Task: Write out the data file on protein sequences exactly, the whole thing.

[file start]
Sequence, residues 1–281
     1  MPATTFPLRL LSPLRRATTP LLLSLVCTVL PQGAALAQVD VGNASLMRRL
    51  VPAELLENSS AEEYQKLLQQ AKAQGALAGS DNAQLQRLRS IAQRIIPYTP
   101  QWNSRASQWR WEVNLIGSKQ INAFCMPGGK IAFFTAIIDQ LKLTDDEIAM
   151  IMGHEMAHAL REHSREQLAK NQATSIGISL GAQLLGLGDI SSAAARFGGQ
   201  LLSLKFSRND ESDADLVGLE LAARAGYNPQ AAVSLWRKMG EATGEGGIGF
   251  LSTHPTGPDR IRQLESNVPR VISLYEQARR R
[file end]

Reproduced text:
Sequence, residues 1–281
     1  MPATTFPLRL LSPLRRATTP LLLSLVCTVL PQGAALAQVD VGNASLMRRL
    51  VPAELLENSS AEEYQKLLQQ AKAQGALAGS DNAQLQRLRS IAQRIIPYTP
   101  QWNSRASQWR WEVNLIGSKQ INAFCMPGGK IAFFTAIIDQ LKLTDDEIAM
   151  IMGHEMAHAL REHSREQLAK NQATSIGISL GAQLLGLGDI SSAAARFGGQ
   201  LLSLKFSRND ESDADLVGLE LAARAGYNPQ AAVSLWRKMG EATGEGGIGF
   251  LSTHPTGPDR IRQLESNVPR VISLYEQARR R